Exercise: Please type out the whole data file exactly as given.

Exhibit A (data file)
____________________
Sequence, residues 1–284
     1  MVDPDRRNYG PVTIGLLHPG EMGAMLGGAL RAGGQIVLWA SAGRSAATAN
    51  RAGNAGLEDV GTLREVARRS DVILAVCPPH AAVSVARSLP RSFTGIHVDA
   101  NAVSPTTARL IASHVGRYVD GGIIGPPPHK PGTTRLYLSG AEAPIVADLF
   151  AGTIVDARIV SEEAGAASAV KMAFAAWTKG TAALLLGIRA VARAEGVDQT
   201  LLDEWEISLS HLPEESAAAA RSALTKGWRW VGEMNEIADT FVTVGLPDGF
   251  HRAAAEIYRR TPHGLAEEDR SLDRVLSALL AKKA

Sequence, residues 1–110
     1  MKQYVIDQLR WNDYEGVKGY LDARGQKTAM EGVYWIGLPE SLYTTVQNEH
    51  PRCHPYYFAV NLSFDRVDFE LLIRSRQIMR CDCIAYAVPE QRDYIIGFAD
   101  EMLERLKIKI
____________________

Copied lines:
Sequence, residues 1–284
     1  MVDPDRRNYG PVTIGLLHPG EMGAMLGGAL RAGGQIVLWA SAGRSAATAN
    51  RAGNAGLEDV GTLREVARRS DVILAVCPPH AAVSVARSLP RSFTGIHVDA
   101  NAVSPTTARL IASHVGRYVD GGIIGPPPHK PGTTRLYLSG AEAPIVADLF
   151  AGTIVDARIV SEEAGAASAV KMAFAAWTKG TAALLLGIRA VARAEGVDQT
   201  LLDEWEISLS HLPEESAAAA RSALTKGWRW VGEMNEIADT FVTVGLPDGF
   251  HRAAAEIYRR TPHGLAEEDR SLDRVLSALL AKKA

Sequence, residues 1–110
     1  MKQYVIDQLR WNDYEGVKGY LDARGQKTAM EGVYWIGLPE SLYTTVQNEH
    51  PRCHPYYFAV NLSFDRVDFE LLIRSRQIMR CDCIAYAVPE QRDYIIGFAD
   101  EMLERLKIKI